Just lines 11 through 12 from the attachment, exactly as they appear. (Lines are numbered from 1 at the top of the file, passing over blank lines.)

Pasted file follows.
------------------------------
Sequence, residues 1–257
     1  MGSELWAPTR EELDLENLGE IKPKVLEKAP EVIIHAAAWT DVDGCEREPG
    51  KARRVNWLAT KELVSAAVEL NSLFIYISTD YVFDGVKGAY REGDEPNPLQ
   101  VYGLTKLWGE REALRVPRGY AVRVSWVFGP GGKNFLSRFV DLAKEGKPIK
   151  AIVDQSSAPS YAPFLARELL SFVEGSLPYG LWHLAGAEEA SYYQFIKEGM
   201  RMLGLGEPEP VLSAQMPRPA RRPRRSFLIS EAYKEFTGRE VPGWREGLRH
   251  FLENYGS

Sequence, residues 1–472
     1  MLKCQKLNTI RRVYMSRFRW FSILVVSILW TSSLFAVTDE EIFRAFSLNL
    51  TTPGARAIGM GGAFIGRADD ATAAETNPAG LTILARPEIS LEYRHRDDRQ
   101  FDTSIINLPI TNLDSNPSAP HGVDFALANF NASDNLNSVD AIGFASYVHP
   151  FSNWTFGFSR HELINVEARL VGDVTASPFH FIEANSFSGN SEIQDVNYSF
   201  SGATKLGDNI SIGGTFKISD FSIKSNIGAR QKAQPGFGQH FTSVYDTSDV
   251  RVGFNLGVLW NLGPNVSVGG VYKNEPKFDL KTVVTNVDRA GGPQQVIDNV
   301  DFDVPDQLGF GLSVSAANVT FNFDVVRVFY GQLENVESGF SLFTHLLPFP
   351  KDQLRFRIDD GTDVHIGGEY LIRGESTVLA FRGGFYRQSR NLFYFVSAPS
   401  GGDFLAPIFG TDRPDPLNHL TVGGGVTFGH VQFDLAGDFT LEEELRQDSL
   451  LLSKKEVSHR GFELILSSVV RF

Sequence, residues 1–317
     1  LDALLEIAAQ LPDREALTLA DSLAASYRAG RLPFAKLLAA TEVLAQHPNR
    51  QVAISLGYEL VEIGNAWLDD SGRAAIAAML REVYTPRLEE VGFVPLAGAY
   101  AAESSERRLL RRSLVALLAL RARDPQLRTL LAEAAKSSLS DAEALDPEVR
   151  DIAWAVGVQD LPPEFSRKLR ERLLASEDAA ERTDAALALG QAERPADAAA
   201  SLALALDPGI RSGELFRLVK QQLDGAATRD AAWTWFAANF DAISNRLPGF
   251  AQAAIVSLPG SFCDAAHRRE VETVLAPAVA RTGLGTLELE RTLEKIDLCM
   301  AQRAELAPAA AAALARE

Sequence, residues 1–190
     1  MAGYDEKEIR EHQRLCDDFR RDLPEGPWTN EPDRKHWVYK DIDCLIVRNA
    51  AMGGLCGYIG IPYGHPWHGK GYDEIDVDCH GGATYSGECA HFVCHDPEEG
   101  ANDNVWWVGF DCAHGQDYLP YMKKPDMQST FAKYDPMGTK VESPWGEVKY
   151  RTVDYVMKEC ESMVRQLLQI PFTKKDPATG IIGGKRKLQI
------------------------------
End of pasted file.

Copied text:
   101  FDTSIINLPI TNLDSNPSAP HGVDFALANF NASDNLNSVD AIGFASYVHP
   151  FSNWTFGFSR HELINVEARL VGDVTASPFH FIEANSFSGN SEIQDVNYSF